Rasheda Ali Walsh, Nico’s mom, was the second-oldest of Ali’s nine children, arriving two-and-a-half minutes before her twin sister Jamillah. Rasheda’s mom, the former Belinda Boyd, married Ali when she was 17. The marriage lasted nine years, during which Ali fathered two children out of wedlock and took up with Veronica Porsche, the woman who would become his third wife. Laila Ali, the most well-known of Muhammad Ali’s children, is Rasheda’s half-sister.

According to an article in the Chicago Tribune, Rasheda and her husband Robert Walsh, a former Marine, met in 1991 at a restaurant at a beach resort in Florida where she was working as a hostess and he was the executive chef. They reportedly dated for a year before Rasheda revealed that she was Muhammad Ali’s daughter.

Robert Walsh was born on Chicago’s South Side and Rasheda was raised in the Chicago suburb of Flossmoor. They eventually returned to the Chicago area where Robert worked at several upscale Chicago restaurants before opening his own place in the ‘burbs, Biaggio’s Italian Restaurant. Walsh is Italian on his mother’s side. Biaggio was his grandfather’s name. An enticing job offer from Bally’s, a mid-Strip casino resort, brought Robert and Rasheda to Las Vegas.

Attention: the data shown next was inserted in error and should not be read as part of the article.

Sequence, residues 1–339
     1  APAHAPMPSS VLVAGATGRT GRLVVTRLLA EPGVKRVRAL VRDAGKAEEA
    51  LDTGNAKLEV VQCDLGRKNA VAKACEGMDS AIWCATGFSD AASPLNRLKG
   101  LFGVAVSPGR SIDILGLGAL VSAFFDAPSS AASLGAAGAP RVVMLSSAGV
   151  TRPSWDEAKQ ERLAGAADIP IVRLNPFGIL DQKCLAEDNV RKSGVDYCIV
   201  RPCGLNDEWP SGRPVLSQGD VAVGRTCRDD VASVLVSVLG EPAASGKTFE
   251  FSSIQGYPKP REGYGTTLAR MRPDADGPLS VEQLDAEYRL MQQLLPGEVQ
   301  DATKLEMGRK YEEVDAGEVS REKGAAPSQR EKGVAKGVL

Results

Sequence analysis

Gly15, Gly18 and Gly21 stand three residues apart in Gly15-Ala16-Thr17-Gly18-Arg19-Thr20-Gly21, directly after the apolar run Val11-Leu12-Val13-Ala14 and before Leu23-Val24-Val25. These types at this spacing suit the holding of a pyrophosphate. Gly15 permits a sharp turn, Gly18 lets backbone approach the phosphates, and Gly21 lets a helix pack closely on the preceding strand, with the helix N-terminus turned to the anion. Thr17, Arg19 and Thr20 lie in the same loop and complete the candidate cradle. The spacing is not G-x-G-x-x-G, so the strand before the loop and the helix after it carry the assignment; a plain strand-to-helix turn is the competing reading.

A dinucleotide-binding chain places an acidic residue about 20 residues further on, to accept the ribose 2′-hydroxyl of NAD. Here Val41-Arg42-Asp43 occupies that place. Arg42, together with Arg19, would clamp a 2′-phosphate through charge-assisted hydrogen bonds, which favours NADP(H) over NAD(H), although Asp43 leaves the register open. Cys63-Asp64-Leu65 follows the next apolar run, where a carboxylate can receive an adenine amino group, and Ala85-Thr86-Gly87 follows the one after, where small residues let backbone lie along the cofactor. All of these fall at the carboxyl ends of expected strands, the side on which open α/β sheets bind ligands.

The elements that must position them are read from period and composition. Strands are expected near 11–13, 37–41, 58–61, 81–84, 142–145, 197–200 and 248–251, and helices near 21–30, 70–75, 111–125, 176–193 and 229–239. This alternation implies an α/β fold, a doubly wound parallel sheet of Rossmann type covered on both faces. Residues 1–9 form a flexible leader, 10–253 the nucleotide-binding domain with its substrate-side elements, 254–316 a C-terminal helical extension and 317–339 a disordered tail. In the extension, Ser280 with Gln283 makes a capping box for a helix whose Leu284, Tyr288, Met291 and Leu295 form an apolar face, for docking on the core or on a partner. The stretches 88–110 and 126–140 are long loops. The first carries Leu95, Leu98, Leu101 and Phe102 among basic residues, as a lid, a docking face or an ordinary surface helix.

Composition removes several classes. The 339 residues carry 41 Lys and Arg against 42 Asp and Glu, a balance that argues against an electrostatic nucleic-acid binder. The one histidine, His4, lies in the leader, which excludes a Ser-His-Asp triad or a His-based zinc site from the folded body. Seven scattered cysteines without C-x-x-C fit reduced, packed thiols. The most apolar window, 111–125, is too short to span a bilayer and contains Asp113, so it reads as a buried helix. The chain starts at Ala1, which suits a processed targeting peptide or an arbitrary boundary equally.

Periodically Muhammad Ali would come into Biaggio’s and amuse the other patrons in the restaurant with card tricks. Whatever difficulties her parents had, they did not poison Rasheda’s relationship with her famous father. To the contrary, she has been devoted to preserving his legacy as a great humanitarian and, in common with her older sister Maryum, has become a spokesperson in the fight to find a cure for the disease that ravaged him. Rasheda even wrote a book on the subject, a book for parents to read to children who have questions about the illness. The title is “I’ll Hold Your Hand So You Won’t Fall: A Child’s Guide to Parkinson’s Disease.”